A lot vs. Alot: 9 Grammatical Pitfalls


[wof-uh l] /ˈwɒf əl/ Informal.
verb (used without object), waffled, waffling.
to speak or write equivocally:
to waffle on an important issue.
verb (used with object), waffled, waffling.
to speak or write equivocally about:
to waffle a campaign promise.
waffling language.
1890-95; orig. dial. (Scots, N England): to wave about, flutter, waver, be hesitant; probably waff + -le
Related forms
waffler, noun
wafflingly, adverb
waffly, adjective


[wof-uh l] /ˈwɒf əl/
verb (used without object), waffled, waffling. British
to talk foolishly or without purpose; idle away time talking.
1695-1705; orig. dial. (N England); apparently waff to bark, yelp (imitative) + -le Unabridged
Based on the Random House Dictionary, © Random House, Inc. 2015.
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Examples from the web for waffling
  • He's been kind of waffling, realizing that this could help him a lot so he didn't really come out against it this time.
  • No more sets made out of cereal boxes and aluminum foil, no more waffling monologues and congealed fancies.
  • His waffling around in his depositions speaks for itself.
  • Buck, however, is waffling on the personhood amendment.
  • waffling, while our troops on the ground face an emboldened enemy, endangers them and hurts our cause.
  • There is a lot of waffling in there because it is not a popular position.
British Dictionary definitions for waffling


  1. a crisp golden-brown pancake with deep indentations on both sides
  2. (as modifier): waffle iron
Word Origin
C19: from Dutch wafel (earlier wæfel), of Germanic origin; related to Old High German wabo honeycomb


(intransitive) often foll by on. to speak or write in a vague and wordy manner: he waffled on for hours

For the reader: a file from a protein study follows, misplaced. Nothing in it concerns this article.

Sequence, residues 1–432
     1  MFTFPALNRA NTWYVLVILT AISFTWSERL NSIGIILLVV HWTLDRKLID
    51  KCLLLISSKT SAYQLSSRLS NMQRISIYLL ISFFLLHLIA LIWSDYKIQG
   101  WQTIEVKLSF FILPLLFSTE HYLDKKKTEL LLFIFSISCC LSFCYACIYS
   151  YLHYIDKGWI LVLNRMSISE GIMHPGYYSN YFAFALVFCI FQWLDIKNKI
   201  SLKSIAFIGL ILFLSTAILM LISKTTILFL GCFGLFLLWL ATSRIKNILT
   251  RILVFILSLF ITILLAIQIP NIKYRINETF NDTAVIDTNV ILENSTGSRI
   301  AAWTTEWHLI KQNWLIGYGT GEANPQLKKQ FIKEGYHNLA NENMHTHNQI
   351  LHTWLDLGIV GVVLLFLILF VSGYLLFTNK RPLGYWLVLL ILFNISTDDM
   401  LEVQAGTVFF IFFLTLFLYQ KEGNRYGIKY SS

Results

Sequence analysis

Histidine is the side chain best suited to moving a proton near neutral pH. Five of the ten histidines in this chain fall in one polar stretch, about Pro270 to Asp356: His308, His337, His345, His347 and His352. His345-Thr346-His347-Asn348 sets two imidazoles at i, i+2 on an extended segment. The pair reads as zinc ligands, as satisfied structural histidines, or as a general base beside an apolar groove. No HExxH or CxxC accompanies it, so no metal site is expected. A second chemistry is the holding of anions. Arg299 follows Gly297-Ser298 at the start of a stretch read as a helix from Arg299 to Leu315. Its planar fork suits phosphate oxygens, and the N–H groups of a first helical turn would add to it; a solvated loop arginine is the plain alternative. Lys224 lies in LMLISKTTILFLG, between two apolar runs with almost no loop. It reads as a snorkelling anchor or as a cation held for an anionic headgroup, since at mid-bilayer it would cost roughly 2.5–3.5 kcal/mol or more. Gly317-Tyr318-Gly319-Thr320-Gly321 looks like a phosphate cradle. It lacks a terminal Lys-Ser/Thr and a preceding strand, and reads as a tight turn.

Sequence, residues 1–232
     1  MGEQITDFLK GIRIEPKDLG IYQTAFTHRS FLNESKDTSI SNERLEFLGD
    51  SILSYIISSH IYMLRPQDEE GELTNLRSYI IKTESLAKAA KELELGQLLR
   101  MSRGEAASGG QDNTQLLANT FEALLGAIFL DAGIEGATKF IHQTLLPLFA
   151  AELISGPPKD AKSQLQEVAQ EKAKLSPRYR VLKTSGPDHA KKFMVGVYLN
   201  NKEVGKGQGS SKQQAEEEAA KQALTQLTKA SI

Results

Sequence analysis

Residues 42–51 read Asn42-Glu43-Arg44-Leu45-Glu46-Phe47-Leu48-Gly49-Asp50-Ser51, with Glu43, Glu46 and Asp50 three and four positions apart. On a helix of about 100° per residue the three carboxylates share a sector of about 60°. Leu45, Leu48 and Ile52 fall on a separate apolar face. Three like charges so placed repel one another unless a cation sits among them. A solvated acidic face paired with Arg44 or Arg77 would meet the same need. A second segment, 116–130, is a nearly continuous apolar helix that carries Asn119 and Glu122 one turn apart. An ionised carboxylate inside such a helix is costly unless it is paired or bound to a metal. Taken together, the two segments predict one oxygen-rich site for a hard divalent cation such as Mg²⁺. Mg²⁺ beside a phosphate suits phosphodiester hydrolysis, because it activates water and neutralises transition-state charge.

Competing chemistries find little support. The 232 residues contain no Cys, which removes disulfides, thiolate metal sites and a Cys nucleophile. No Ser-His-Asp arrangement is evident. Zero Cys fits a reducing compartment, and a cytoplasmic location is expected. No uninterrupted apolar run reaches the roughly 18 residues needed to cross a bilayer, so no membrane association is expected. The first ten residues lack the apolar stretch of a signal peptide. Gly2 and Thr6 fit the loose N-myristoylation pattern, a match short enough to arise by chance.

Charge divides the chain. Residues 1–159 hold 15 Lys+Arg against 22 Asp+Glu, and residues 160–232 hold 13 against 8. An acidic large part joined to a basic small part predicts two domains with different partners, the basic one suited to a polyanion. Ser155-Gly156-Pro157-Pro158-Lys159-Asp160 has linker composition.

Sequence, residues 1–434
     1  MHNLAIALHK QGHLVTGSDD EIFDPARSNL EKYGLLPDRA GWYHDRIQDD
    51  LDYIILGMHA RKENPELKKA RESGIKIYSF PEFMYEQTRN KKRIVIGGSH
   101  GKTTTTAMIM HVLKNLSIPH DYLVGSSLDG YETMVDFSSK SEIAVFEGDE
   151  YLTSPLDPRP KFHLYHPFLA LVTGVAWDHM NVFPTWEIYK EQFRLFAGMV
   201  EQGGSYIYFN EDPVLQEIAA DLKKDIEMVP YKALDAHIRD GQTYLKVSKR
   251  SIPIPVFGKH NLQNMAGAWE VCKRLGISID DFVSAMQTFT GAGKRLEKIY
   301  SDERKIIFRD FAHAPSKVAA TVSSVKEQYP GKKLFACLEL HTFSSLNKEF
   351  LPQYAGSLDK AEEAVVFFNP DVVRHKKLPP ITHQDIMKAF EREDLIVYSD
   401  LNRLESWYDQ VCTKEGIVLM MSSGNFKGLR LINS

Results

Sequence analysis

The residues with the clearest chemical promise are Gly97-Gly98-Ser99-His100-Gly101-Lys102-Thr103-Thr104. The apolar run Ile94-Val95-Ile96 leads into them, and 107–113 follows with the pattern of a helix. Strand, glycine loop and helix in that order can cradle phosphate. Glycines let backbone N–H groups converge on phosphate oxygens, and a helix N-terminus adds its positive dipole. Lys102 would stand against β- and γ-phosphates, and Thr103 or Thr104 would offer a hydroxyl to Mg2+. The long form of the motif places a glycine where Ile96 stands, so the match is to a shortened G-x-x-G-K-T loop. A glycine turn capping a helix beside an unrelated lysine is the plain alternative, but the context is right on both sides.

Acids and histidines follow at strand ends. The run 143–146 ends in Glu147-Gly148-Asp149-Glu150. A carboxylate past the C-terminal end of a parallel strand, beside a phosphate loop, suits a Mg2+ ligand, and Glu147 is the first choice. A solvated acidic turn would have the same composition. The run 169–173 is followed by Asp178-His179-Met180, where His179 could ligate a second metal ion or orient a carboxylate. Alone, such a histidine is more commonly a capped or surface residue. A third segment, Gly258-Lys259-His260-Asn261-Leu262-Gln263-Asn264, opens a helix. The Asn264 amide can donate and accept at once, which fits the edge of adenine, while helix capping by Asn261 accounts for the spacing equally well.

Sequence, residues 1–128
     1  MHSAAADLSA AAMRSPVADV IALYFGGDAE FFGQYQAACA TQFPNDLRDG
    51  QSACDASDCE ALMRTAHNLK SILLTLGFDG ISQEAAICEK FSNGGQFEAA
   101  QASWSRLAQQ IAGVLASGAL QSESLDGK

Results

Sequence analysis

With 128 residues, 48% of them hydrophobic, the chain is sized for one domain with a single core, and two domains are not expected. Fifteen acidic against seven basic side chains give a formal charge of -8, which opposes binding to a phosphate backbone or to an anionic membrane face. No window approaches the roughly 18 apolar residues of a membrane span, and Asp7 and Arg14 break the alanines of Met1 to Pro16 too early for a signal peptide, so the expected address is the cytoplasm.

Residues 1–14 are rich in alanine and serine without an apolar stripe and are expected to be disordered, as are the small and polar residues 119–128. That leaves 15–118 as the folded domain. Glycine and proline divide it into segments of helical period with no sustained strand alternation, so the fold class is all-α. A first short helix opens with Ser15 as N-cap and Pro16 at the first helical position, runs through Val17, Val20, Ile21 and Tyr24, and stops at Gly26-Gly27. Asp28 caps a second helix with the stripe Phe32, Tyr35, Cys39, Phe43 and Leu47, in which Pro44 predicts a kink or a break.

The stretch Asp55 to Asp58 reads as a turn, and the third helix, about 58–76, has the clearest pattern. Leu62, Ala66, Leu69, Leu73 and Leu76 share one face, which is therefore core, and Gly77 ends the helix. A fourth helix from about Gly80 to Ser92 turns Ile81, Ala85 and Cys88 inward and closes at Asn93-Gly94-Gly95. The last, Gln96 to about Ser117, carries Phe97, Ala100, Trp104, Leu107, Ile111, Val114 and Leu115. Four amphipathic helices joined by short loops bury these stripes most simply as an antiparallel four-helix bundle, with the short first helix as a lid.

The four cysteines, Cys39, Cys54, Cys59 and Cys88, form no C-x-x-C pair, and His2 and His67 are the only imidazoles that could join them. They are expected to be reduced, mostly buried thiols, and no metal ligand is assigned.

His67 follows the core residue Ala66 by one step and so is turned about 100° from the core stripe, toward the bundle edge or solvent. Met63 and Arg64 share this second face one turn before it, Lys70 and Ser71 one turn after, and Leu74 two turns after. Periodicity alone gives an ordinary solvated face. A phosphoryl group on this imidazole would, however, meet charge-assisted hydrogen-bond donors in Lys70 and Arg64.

vague and wordy speech or writing
Derived Forms
waffler, noun
waffling, adjective, noun
waffly, adjective
Word Origin
C19: of unknown origin
Collins English Dictionary - Complete & Unabridged 2012 Digital Edition
© William Collins Sons & Co. Ltd. 1979, 1986 © HarperCollins
Publishers 1998, 2000, 2003, 2005, 2006, 2007, 2009, 2012
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Word Origin and History for waffling



1744, from Dutch wafel "waffle," from Middle Dutch or Middle Low German wafel, from Proto-Germanic *wabila- "web, honeycomb" (cf. Old High German waba "honeycomb," German Wabe), related to Old High German weban, Old English wefan "to weave" (see weave (v.)). Sense of "honeycomb" is preserved in some combinations referring to a weave of cloth. Waffle iron is from 1794.


1690s, "to yelp, bark," frequentative of waff "to yelp" (1610); possibly of imitative origin. Figurative sense of "talk foolishly" (1701) led to that of "vacillate, equivocate" (1803), originally a Scottish and northern English usage. Related: Waffled; waffling.

Online Etymology Dictionary, © 2010 Douglas Harper
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Slang definitions & phrases for waffling



A cowboy (late 1800s+)


Related Terms

high waters

The Dictionary of American Slang, Fourth Edition by Barbara Ann Kipfer, PhD. and Robert L. Chapman, Ph.D.
Copyright (C) 2007 by HarperCollins Publishers.
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Encyclopedia Article for waffling


crisp raised cake baked in a waffle iron, a hinged metal griddle with a honeycombed or fancifully engraved surface that allows a thin layer of batter to cook evenly and crisply. Baking powder is the typical leavening in American waffles, and yeast waffles are eaten in Belgium and France. In the United States and Canada waffles are a popular breakfast food, topped with butter and maple syrup or fruit preserves. Waffles also can serve as a base for savoury mixtures such as seafood or poultry in sauce. In Belgium waffles are a popular snack food. They are mentioned in French poems from as early as the 12th century, when they were sold as street food at fairs and religious festivals.

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Encyclopedia Britannica, 2008. Encyclopedia Britannica Online.
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